Description from Flora of China
Herbs perennial or annual, slender, sometimes subshrubs, often root hemiparasites of grasses, ± evergreen. Stems green. Leaves alternate, usually sessile, usually linear or, sometimes, scale-like, 1-3-veined, lateral veins not apparent. Inflorescences apparently terminal, usually racemelike, often paniculate, less often cymose (or axillary and 1-flowered); bracts and bracteoles leaflike, sometimes partly adnate to pedicels; bracteoles 1 or 2 and opposed, rarely 4, sometimes absent. Flowers bisexual, white or yellowish green; perianth tube connate to ovary, limb campanulate, cylindric, funnelform, or tubular, usually deeply (4 or)5-lobed, lobes valvate, usually with a tuft of hair behind each stamen. Stamens (4 or)5, usually on the base of lobes; filaments not exserted; anthers ovoid or ellipsoid, cells parallel, dehiscence longitudinal. Disk superior, inconspicuous or connate to base of perianth tube. Ovary inferior, stalked or sessile; ovules 2 or 3, pendulous from apex of placenta, usually flexuous or corrugate. Style long or short; stigma capitate or inconspicuously 3-lobed. Fruit a small nut, with persistent perianth at apex, exocarp dry, membranous [rarely fleshy], endocarp bony or slightly rigid, usually ridged; embryo in the middle of fleshy endosperm, erect or slightly curved, usually oblique, terete, radicle as long as or slightly longer than cotyledons.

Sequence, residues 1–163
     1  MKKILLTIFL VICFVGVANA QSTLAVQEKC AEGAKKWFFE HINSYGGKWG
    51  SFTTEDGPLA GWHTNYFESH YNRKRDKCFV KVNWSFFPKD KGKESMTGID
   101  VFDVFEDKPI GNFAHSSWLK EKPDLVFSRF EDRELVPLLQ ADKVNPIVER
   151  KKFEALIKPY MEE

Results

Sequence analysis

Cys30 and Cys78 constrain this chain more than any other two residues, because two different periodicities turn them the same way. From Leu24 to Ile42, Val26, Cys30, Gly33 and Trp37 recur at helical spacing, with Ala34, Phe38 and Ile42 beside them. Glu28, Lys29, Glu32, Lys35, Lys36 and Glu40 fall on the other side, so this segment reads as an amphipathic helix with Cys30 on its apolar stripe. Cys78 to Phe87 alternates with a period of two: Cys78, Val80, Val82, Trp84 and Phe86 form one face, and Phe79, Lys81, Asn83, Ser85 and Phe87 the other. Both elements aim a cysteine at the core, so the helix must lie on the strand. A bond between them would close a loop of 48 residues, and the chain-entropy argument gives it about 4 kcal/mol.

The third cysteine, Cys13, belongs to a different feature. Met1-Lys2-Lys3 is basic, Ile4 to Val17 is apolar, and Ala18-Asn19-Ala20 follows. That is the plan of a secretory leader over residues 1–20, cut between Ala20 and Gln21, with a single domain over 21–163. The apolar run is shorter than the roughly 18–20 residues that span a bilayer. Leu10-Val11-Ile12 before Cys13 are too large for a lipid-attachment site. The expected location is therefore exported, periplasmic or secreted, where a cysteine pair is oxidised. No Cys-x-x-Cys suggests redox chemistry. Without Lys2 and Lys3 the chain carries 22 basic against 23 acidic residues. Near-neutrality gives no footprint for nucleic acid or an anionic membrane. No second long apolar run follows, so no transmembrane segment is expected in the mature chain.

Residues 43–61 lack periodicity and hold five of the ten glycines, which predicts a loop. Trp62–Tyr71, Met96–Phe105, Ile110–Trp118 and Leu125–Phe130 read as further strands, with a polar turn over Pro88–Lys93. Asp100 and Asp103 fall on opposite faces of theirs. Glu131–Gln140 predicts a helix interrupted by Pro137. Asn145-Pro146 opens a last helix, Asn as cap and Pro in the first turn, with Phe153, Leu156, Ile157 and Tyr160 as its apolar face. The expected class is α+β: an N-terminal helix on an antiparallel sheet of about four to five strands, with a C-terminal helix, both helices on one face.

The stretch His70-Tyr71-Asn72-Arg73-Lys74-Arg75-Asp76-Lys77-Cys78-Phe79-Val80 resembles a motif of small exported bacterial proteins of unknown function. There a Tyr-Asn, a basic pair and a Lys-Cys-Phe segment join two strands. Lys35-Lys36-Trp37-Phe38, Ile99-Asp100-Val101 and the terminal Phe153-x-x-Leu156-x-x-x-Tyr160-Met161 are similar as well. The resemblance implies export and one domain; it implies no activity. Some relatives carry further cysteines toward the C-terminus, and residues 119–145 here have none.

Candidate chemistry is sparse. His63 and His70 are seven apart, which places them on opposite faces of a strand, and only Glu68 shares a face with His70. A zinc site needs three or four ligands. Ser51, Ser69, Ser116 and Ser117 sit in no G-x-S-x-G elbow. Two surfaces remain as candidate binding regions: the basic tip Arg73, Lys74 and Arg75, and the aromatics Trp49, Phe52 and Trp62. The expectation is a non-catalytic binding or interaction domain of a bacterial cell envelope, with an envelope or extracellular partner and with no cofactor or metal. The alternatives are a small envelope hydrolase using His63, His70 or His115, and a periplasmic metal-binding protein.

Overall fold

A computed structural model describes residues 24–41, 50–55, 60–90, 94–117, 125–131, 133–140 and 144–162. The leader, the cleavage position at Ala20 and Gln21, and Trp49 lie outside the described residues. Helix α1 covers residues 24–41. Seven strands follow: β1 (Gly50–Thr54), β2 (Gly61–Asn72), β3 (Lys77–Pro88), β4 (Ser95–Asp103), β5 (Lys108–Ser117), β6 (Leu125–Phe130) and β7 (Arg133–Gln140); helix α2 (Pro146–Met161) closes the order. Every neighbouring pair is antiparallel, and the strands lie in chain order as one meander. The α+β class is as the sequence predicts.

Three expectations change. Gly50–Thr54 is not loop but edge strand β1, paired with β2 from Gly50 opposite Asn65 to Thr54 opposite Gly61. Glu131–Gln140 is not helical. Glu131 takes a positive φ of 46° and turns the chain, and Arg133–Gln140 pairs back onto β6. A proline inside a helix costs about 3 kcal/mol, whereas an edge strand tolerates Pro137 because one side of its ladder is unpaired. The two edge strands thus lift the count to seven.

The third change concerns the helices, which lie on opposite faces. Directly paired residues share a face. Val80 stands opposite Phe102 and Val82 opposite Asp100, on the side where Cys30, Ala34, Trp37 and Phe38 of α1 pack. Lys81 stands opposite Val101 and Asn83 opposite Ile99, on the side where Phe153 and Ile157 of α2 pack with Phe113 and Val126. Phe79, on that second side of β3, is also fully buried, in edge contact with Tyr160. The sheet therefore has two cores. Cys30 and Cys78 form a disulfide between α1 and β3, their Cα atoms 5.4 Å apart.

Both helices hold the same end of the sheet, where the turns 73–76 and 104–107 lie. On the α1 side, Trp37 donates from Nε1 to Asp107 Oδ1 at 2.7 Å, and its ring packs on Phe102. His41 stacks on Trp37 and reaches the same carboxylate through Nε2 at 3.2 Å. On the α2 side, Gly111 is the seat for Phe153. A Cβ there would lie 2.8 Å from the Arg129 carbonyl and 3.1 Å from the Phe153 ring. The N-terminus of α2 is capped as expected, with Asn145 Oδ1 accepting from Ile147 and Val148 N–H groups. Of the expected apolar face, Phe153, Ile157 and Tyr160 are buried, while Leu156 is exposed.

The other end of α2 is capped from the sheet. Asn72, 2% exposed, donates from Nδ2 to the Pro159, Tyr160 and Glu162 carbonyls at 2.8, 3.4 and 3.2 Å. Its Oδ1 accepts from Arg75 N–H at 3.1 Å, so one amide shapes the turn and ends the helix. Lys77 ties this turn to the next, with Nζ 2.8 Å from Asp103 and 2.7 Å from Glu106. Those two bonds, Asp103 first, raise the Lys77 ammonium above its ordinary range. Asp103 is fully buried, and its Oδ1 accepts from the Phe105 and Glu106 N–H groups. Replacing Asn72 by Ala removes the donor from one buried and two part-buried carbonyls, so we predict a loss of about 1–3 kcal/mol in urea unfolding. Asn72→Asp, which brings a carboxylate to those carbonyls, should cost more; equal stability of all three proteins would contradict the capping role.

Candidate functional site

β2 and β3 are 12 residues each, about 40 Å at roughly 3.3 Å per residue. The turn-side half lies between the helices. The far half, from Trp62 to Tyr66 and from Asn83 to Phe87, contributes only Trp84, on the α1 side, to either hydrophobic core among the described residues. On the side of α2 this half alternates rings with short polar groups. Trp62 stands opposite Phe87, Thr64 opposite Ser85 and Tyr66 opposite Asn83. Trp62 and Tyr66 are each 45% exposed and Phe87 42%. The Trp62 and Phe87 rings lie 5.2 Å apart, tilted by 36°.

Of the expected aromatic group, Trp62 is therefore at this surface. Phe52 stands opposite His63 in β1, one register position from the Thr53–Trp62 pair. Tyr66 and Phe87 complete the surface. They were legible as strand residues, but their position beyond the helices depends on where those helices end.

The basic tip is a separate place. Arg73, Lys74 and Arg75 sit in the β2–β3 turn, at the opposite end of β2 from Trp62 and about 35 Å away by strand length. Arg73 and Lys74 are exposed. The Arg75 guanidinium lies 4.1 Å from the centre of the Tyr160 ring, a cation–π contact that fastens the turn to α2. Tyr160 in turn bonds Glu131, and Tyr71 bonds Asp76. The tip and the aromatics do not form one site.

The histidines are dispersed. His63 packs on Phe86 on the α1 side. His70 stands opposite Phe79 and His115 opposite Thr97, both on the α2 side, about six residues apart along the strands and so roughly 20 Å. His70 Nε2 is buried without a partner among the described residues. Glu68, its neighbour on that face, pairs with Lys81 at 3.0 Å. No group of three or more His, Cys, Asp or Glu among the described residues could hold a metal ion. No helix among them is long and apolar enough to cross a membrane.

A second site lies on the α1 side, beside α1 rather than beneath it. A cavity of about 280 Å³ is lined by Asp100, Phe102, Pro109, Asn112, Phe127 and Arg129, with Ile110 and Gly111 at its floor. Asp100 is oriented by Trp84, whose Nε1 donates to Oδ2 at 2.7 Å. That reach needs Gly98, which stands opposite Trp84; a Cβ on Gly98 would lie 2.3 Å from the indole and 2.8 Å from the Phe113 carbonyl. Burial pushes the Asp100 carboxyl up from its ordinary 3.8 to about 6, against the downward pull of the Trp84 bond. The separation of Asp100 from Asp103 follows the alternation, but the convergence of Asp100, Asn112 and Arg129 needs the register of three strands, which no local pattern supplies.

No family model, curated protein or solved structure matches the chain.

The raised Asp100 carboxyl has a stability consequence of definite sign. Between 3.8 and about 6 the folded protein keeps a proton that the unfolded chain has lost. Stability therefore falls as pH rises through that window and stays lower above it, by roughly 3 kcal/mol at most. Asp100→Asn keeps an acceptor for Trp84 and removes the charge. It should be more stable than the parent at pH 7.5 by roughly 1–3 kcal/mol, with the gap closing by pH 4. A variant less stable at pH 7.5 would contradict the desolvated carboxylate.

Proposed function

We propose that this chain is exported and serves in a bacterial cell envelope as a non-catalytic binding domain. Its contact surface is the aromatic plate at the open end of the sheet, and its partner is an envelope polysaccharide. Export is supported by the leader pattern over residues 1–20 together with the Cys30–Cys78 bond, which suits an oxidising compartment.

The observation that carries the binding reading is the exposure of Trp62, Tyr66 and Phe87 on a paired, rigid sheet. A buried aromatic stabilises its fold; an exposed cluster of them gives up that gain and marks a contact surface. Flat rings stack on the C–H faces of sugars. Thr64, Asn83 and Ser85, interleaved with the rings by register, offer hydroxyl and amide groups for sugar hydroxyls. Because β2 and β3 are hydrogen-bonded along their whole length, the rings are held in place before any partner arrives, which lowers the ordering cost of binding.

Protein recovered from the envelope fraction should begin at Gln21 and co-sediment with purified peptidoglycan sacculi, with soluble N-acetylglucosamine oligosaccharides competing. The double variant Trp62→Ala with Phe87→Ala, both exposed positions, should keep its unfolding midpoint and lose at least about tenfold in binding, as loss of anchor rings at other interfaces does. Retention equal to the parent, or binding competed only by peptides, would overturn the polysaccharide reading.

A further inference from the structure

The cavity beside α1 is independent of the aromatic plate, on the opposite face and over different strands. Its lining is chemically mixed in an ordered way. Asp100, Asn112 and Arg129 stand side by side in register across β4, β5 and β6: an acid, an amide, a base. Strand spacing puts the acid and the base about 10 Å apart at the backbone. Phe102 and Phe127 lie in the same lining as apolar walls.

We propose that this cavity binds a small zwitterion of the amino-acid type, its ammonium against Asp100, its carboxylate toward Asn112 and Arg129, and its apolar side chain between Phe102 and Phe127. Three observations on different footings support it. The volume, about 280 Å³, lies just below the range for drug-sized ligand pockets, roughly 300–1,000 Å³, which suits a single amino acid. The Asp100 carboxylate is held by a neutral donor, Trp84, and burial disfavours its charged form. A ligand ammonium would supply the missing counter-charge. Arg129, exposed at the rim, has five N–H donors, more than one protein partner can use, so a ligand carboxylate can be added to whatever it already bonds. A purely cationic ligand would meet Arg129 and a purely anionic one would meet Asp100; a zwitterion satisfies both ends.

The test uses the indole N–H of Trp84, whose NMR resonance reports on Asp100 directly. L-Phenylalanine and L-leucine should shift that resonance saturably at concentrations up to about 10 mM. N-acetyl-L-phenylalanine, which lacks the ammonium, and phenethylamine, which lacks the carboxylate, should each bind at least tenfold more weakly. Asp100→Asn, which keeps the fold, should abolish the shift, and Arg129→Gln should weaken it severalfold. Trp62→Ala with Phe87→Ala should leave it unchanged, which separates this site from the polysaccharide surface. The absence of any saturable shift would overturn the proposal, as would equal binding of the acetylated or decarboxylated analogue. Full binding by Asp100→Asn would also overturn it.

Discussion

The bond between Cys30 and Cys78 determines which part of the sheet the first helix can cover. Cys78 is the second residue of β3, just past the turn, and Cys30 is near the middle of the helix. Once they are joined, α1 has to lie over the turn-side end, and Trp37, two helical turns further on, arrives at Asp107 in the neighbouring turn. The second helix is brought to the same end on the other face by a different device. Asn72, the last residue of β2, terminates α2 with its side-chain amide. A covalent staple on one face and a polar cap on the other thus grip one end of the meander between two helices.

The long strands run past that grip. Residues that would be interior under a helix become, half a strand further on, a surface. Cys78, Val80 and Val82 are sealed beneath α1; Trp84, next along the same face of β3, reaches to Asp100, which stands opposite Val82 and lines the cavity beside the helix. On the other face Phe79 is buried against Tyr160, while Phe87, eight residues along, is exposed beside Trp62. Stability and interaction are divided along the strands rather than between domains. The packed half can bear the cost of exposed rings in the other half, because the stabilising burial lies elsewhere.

The inflorescence of Thesium has been interpreted in different ways. In the majority of species it is axillary and 1-flowered with a pair of bracts at the apex of the peduncle, which is often fused to the subtending leaf, and with the pedicel proper very short to almost absent. In practice, botanists have often assumed that the inflorescence is a raceme with the peduncles as pedicels and bracts as bracteoles, and for convenience that interpretation has been maintained here.
Thesium chanetii H. Léveillé and T. glabrum Schindler are both Diarthron linifolium Turczaninow (Thymelaeaceae). A record of Thesium australe R. Brown (Prodr. 353. 1810) from Hainan is probably based on a misidentification of the very similar T. chinense Turczaninow.
About 245 species: widely distributed in temperate regions of the Old World, especially numerous in S Africa, a few species in tropical and temperate South America; 16 species (nine endemic) in China.